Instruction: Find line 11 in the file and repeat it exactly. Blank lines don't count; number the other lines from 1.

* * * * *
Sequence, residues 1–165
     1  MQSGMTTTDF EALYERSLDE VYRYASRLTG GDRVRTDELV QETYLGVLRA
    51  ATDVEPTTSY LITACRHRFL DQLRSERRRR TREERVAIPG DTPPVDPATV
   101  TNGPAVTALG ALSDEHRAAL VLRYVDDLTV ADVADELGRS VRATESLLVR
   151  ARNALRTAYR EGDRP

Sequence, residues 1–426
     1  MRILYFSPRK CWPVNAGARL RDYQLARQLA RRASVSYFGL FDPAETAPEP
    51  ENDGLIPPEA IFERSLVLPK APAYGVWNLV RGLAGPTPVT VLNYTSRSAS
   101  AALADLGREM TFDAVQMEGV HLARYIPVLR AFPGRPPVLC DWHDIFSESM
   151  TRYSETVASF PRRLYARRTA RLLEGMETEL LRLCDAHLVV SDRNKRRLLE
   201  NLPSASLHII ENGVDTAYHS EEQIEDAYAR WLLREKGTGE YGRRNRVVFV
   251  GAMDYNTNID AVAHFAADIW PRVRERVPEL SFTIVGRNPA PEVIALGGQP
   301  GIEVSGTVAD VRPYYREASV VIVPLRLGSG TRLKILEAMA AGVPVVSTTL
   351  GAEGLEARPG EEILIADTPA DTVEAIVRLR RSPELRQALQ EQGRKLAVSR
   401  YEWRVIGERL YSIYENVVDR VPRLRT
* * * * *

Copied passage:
   201  NLPSASLHII ENGVDTAYHS EEQIEDAYAR WLLREKGTGE YGRRNRVVFV